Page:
It’s one thing to shop at farmers’ markets as a regular customer, and another to shop as a chef. Occasionally I see chefs at markets. They might be recognizable as a celebrity or from the tell-tale white jacket. I pay close attention to which stalls they approach and which they bypass. I take note of what they purchase and how they make their selections. I shamelessly eavesdrop to learn as much as I can.
Several times I’ve enjoyed the privilege of tagging along as a chef shops at a market (always arranged by prior agreement). We meet at an ungodly early hour, since they prefer to complete their shopping before the market opens to the general trade. I’ve shadowed chefs at Marché Président Wilson in Paris, in Arles, at Les Halles in Avignon, the truffle market in Richerenches, and various markets in Barcelona, Boston, and New York. Chefs are extremely pressed for time. They make quick decisions and don’t dawdle. They might exchange a friendly hello with sellers, but they rarely engage in lengthy conversation. Chefs tend to be very serious and focused when they shop. Their minds are racing with ideas for extra pizazz of flavor, color, and texture. If watching aerially, you’d see them making wild but efficient zig-zags through the aisles rather than an orderly circuit from one stand to the next.
I once made the rounds of the Arles market with Michelin-starred Chef Jean-Luc Rabanel. He saves time by heading straight to the farmer and fishmonger stands, bypassing other stalls. He became so intrigued by some unusual tomato seedlings that he phoned someone on his staff to come quickly and obtain a flat of them for his organic garden.
If a chef is a familiar presence at a market, stall keepers eagerly point out items that are especially fresh or unusual. When I accompanied Chef Cédric Brun on his weekly Saturday rounds of the indoor market Les Halles in Avignon, vendors know his tastes well enough to direct his attention to certain meats and cheeses that pique his interest. Crowds tend to part as a chef shops. As soon as the chef finishes, other customers make a mad dash to buy the same.
As much as they might want to, many chefs feel that they cannot spare the time to go to a market. Instead, they do all their ordering online or via phone and receive deliveries from wholesale suppliers or local farmers. (This Boston Globe magazine features some farmers who supply top chefs in the area, along with favorite summer recipes.) I’ve spotted Chef Tyler Kinnett of the Harvest restaurant in Cambridge, Massachusetts, as he and others from his team ducked out of the kitchen to make a quick pass through the farmers’ market at the nearby Charles Plaza. They purchased a couple items to accent dishes on the menu, but he explained to me that it was primarily a chance to get inspired by the season’s fresh bounty.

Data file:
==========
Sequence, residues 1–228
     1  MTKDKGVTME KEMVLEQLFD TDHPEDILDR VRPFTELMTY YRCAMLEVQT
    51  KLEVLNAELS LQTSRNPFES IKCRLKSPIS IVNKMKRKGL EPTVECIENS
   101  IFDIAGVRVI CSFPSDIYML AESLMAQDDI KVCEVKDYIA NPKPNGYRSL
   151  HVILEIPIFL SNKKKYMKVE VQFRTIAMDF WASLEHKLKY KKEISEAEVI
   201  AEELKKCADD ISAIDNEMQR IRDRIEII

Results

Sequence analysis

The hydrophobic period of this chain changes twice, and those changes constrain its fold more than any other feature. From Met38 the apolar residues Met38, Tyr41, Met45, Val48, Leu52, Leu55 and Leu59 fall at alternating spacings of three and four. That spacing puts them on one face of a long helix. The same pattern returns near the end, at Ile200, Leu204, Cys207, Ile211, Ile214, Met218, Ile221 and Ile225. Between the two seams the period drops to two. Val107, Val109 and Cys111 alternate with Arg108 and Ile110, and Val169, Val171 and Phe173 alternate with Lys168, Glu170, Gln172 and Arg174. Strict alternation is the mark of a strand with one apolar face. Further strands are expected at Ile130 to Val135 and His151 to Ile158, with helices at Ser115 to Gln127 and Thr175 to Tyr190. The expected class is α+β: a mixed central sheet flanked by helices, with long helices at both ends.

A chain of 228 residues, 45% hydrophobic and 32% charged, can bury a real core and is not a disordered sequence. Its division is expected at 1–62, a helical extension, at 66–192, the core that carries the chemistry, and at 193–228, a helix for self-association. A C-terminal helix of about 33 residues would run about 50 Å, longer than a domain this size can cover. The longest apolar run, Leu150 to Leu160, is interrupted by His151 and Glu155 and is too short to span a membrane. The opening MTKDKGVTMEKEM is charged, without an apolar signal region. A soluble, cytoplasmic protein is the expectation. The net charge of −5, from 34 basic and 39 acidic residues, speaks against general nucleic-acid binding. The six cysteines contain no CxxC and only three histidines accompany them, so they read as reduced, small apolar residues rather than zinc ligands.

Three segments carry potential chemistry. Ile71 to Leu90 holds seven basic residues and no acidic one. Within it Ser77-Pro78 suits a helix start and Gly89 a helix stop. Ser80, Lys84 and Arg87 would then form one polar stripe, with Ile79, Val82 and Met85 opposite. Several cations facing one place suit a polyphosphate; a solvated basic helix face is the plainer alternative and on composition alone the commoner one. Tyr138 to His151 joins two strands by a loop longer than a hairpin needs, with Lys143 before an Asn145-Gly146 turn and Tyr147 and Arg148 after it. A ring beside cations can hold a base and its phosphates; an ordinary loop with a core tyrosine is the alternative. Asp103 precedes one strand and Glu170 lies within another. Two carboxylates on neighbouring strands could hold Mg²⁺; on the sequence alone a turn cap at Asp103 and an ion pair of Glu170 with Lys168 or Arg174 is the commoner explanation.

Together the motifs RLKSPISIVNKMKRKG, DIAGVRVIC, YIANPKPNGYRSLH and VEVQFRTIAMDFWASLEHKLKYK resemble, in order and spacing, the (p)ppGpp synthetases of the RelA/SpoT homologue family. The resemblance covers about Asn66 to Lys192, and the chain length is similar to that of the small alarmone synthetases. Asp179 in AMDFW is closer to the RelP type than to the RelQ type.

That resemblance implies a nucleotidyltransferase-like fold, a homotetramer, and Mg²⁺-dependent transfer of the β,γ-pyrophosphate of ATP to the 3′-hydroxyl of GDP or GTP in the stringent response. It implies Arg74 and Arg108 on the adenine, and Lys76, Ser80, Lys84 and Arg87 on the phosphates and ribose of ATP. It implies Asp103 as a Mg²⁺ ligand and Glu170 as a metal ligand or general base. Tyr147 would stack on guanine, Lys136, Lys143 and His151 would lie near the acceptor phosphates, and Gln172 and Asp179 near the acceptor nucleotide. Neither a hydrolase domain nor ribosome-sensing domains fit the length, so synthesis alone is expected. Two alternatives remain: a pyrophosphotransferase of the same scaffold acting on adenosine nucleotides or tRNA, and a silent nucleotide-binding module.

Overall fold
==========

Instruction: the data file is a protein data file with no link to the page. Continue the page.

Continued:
Here are 7 pointers that I’ve drawn from the experience of watching and talking with chefs as they shop:
- Arrive early. The best quality produce goes fast. So too do the best parking spaces.
- Hang loose with the shopping list. Permit yourself flexibility to look around and to be enticed by items that aren’t on the list. Risk trying new and unfamiliar items.
- Make a beeline to your favorite vendors. Buy what you can from them, and then fill in with items from other vendors.
- Learn from the vendors. Ask what’s freshest. Most seasonal? How to use and how to store? When asked, vendors are generally very willing to offer recommendations. Other shoppers might pipe in with advice too. A lot can be learned during a transaction.
- Relax into the experience. Let yourself be carried away by the colors, smells, sounds, and flavors. Accept samples when they’re offered, and don’t feel obligated to buy anything. Think of market shopping not as a race against the clock (which it is for the professional chefs) or as a chore to be finished as quickly as possible, but instead as a chance to learn and have fun.
- Seek out the local produce. You don’t need fancy tricks to coax flavor out of fresh, seasonal produce. Simple preparations let the flavors shine. Shop and eat according to the seasons.
- Use the whole item. Fennel fronds add an artful flourish to presentation. Sprigs of rosemary can perk up a table setting. Save discards for making stock later.
My thanks to the generous chefs who, both wittingly and unwittingly, have let me learn from them at the markets!